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Pitchers dominate as AL beats NL in All-Star Game

Yankees bullpen ace Aroldis Chapman, left, closed it

Yankees bullpen ace Aroldis Chapman, left, closed it out in the ninth, striking out the side working with White Sox catcher James McCann in the American League's 4-3 victory in the All-Star Game on Tuesday, July 9, 2019, in Cleveland.   Credit: AP/John Minchillo

CLEVELAND — Juiced ball? What juiced ball?

The topic of baseballs leaving the yard at a record pace this season dominated the two days here before the 90th All-Star Game, and in this hitter’s ballpark, there was no telling how many balls might fly out.

Naturally, with lineups and benches packed to the gills with power, the American League and National League combined for all of two homers in a 4-3 victory by the AL on Tuesday night in front of 36,747 at Progressive Field.

All together now, and with “Get well soon” affection for the inventor of the phrase: That’s baseball, Suzyn.

“It was difficult,” said Yankees second baseman Gleyber Torres, who went 1-for-2. “All the pitchers threw really, really well, really hard. A lot of movement. All-Star pitchers, they’re tough to face.”

Charlie Blackmon of the Rockies went deep for the NL, and Joey Gallo of the Rangers homered for the AL, the former’s blast in the sixth cutting the NL’s deficit to 2-1.

The teams totaled 13 hits, only five by the NL. There were 23 strikeouts, and the NL struck out 16 times. Cleveland’s Shane Bieber, who struck out the side in the fifth inning, was named the MVP.

Aroldis Chapman struck out the side in the ninth to earn the save. He received a mound visit from CC Sabathia with two outs, sent out by manager Alex Cora so the crowd in Cleveland, where Sabathia spent the first eight seasons of his career, could give him one more ovation.

“Alex was like, ‘When Chappy gets out there, do you want to make a mound visit?”’ said Sabathia, who received a loud roar when he threw the ceremonial first pitch to Sandy Alomar Jr., the longtime Indians catcher now a coach with the team. “I was like, yeah, sure, why not? It was a pretty cool moment.”

Before the game, Sabathia spoke to the AL squad, which won its seventh straight and is 19-3-1 in the last 23 in the series. Overall, the AL is 45-43-2, with the run total a remarkable 373-370 in the AL’s favor.

“When he spoke to us, I have to say that’s the first time I’ve seen him nervous,” Chapman said through his translator. “He’s never nervous. It was a great moment. Something I’ll always cherish.”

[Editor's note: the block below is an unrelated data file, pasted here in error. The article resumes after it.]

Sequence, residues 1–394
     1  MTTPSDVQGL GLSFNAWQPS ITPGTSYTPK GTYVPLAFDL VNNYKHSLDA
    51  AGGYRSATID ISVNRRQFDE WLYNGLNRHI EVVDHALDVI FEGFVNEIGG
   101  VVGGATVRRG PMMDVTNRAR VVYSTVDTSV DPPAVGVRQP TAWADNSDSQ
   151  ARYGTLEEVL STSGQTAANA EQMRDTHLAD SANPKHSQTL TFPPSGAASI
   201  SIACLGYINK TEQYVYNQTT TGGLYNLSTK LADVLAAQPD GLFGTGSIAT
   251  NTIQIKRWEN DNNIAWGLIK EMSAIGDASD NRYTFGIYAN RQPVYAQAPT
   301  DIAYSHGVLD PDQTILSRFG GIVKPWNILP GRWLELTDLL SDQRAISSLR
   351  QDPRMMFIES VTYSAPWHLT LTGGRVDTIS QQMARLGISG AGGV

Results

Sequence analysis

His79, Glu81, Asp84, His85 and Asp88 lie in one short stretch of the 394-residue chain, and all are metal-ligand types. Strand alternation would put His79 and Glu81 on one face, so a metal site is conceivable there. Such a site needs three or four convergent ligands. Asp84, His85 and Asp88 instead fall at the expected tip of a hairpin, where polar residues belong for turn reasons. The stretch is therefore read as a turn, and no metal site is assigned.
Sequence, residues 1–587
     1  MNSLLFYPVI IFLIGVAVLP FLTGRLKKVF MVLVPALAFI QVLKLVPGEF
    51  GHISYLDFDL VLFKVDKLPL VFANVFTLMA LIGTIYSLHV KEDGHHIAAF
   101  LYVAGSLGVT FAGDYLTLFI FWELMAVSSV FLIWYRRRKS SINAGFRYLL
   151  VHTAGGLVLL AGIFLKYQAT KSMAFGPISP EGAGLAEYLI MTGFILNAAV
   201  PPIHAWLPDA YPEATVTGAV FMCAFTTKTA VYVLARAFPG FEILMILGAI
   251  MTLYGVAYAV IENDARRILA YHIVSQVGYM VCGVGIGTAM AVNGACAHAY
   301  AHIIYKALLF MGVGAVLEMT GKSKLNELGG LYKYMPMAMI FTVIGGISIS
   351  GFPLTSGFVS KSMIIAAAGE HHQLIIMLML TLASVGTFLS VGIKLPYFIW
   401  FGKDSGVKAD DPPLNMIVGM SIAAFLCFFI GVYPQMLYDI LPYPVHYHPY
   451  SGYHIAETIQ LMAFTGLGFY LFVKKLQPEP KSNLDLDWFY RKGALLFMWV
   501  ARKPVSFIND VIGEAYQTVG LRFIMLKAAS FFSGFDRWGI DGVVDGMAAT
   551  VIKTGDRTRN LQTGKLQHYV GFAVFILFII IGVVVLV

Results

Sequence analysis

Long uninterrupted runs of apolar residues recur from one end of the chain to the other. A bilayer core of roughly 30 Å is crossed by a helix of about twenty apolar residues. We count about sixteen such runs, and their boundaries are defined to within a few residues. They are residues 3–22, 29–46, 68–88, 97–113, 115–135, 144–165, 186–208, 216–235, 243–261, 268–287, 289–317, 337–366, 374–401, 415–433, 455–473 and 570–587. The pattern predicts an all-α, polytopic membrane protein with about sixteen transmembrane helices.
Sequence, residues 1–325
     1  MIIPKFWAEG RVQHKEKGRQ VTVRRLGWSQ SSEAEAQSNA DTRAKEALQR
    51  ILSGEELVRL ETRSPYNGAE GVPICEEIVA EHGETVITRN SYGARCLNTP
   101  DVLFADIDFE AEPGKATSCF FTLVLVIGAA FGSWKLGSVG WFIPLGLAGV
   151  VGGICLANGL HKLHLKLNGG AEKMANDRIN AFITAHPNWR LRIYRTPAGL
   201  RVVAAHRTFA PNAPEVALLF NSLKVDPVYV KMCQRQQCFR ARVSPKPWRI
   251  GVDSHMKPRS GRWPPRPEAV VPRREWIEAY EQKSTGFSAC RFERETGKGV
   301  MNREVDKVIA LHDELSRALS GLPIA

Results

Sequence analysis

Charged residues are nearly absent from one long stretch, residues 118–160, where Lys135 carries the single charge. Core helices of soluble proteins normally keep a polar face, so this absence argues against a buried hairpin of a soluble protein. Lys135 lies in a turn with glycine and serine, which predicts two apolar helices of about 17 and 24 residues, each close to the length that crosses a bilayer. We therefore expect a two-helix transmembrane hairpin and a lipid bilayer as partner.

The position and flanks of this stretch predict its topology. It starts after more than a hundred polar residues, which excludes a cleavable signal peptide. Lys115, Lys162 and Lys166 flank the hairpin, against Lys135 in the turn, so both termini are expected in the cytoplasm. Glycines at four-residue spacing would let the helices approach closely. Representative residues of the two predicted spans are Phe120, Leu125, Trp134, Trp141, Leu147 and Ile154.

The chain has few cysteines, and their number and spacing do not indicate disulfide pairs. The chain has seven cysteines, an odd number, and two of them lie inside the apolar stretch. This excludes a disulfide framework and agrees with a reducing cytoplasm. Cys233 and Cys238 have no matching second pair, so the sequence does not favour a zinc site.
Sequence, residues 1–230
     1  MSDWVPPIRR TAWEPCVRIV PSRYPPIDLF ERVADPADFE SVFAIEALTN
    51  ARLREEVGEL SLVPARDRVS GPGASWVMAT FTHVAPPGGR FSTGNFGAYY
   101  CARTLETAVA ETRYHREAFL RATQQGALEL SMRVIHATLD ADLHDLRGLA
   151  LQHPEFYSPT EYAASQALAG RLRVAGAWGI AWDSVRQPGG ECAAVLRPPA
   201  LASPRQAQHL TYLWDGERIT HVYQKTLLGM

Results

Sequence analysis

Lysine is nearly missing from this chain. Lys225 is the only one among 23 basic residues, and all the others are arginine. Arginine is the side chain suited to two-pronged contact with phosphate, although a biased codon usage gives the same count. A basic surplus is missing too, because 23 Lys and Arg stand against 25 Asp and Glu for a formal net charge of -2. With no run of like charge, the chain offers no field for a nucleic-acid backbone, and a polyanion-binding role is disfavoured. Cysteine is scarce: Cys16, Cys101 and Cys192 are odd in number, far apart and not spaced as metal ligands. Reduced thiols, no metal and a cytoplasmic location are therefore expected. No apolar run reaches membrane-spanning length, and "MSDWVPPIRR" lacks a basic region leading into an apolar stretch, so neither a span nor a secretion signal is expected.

Masahiro Tanaka, making his first All-Star Game appearance, earned the win with a scoreless second, becoming the first Japanese-born pitcher to earn the win in a Midsummer Classic.  

The pitchers’ paradise came on the heels of last year’s game in Washington when the teams combined to hit 10 homers in the AL’s 8-6 victory in 10 innings.

But just because there were few long balls doesn’t mean the contest was devoid of drama.

Down 4-1 in the eighth against Indians lefthander Brad Hand, the NL put two on with none out, and the Mets’ Jeff McNeil came up. McNeil, hitting .349 in the first half with a .409 OBP, flied to left.

But with two outs, Pete Alonso, the Home Run Derby champion the night before, came up with the bases loaded. Alonso stung a one-hop rocket that Torres, inserted earlier at second for teammate DJ LeMahieu, couldn’t stop on the overshift back on the grass on the shortstop side of the bag. The two-run single made it 4-3.

“Any moment that comes up and arises, I want to make the most of every situation," Alonso said.

Hand got out of it, then Chapman took care of business in the ninth.

New York was well represented with five Yankees — Gary Sanchez, LeMahieu, Tanaka, Torres and Chapman — and three Mets — Alonso, Jacob deGrom and McNeil.

Sanchez went 1-for-2, doubling and scoring in the fifth to make it 2-0. LeMahieu, the Yankees’ MVP the first half, started at second and went 0-for-2. Torres hit for LeMahieu in the fifth.

DeGrom was terrific, striking out one in a seven-pitch third.

The AL took the lead in the second inning against Dodgers lefthander Clayton Kershaw. Alex Bregman reached on an infield hit to third. Arenado, a Gold Glover, knocked the smash down but couldn’t corral it. Sanchez, with 24 homers but in a 6-for-51 slide to end the first half, flied to center. But Michael Brantley, a longtime Indian who signed a free-agent deal with the Astros and received a loud ovation before the game, lined an RBI double into the gap in left-center to make it 1-0.

“It was a great game all around,” Chapman said. “It was a great show for the fans. Masa got the win and I got the save, so a great game for us.” 

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